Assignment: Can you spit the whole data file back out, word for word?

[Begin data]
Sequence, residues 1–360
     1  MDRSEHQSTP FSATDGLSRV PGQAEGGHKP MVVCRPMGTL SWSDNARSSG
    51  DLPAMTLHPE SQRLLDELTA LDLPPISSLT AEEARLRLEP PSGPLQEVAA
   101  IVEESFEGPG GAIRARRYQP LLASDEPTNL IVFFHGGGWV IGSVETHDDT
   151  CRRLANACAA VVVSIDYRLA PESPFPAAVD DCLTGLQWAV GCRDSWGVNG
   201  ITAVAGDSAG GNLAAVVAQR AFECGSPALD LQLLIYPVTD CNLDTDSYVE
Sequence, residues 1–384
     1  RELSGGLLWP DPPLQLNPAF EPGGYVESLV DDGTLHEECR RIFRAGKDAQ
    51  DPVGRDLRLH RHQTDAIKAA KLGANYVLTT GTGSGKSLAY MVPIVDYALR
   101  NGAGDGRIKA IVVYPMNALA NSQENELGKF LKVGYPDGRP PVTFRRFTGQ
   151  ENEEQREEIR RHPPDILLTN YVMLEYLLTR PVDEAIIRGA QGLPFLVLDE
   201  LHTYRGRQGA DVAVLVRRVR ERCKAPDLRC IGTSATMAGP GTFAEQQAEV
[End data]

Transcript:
Sequence, residues 1–360
     1  MDRSEHQSTP FSATDGLSRV PGQAEGGHKP MVVCRPMGTL SWSDNARSSG
    51  DLPAMTLHPE SQRLLDELTA LDLPPISSLT AEEARLRLEP PSGPLQEVAA
   101  IVEESFEGPG GAIRARRYQP LLASDEPTNL IVFFHGGGWV IGSVETHDDT
   151  CRRLANACAA VVVSIDYRLA PESPFPAAVD DCLTGLQWAV GCRDSWGVNG
   201  ITAVAGDSAG GNLAAVVAQR AFECGSPALD LQLLIYPVTD CNLDTDSYVE
Sequence, residues 1–384
     1  RELSGGLLWP DPPLQLNPAF EPGGYVESLV DDGTLHEECR RIFRAGKDAQ
    51  DPVGRDLRLH RHQTDAIKAA KLGANYVLTT GTGSGKSLAY MVPIVDYALR
   101  NGAGDGRIKA IVVYPMNALA NSQENELGKF LKVGYPDGRP PVTFRRFTGQ
   151  ENEEQREEIR RHPPDILLTN YVMLEYLLTR PVDEAIIRGA QGLPFLVLDE
   201  LHTYRGRQGA DVAVLVRRVR ERCKAPDLRC IGTSATMAGP GTFAEQQAEV